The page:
Tag Archives: renewable energy sources

Is it hot in here or is it just me?

As a committed environmentalist, I would love to see global carbon levels drop, or at least stop rising.  (Even if only as a personal comfort measure, because ever since menopause I tolerate hot weather even worse than I did before.)  And I appreciate and admire the unstinting efforts of the many educated, thoughtful people who continue to raise the alarm about carbon levels affecting the world’s climate.

But does anyone who knows anything about human nature really believe that we, as a country or as a world, will voluntarily give up our fossil-fuel based comforts to avoid something that may or may not harm us personally, sometime in the next 20-50 years?

Think of how many people regularly go out and drink to excess.  They KNOW what the following day will bring, sure as the sun will rise: puking, monster headache, an empty wallet if you’ve been drinking at a bar, and possibly horrible photos of you posted to the interwebs.  And yet even though the consequences are personal, reliable, and violently unpleasant, the next weekend is pretty much like the previous one.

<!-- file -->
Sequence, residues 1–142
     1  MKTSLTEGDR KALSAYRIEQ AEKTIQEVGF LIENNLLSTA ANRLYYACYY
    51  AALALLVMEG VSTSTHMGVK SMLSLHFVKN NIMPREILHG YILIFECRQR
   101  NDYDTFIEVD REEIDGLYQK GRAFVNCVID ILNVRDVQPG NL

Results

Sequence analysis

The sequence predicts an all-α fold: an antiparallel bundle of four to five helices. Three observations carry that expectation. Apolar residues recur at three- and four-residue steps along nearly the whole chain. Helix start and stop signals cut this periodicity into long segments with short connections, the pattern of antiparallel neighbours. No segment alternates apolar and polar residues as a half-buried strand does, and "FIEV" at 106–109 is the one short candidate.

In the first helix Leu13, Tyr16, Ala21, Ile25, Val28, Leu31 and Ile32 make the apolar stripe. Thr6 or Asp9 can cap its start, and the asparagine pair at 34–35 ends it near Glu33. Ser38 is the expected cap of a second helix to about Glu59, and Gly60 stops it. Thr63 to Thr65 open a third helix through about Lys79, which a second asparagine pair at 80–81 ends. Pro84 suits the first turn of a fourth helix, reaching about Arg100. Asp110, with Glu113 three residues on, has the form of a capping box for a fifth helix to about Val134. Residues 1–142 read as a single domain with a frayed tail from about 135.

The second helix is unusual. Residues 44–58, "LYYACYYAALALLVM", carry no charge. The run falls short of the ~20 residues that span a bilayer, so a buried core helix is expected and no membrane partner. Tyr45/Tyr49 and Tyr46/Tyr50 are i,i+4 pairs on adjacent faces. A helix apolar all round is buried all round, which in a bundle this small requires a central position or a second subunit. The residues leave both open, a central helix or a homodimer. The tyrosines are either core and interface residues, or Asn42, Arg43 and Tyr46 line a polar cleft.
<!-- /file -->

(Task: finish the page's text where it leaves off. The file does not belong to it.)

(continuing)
How much more difficult is it to convince at least 50% of the population (because we still vote on things like this) that they should add inconvenience, extra labor, exhaustion and sometimes actual misery to their already-burdened lives, for a benefit they consider both unlikely and of dubious merit?

You can make as many laws and regulations as you like, but an unconvinced and unwilling populace will eventually find a way to burn every last calorie, joule and watt of fossil fuel based energy.

I’m just saying, I think environmentalists need to move on, and spend our energies in more fruitful tasks.  We can re-green our forests (no one will argue against that); we can encourage clean renewable energy sources; we can help our neighbors learn to grow their own food; we can transition our communities to cater more to pedestrians and use local resources; and we can start planning now for the disruptions likely to occur as a result of climate change.  There is enough work in these fields alone to occupy every environmentalist for a lifetime.


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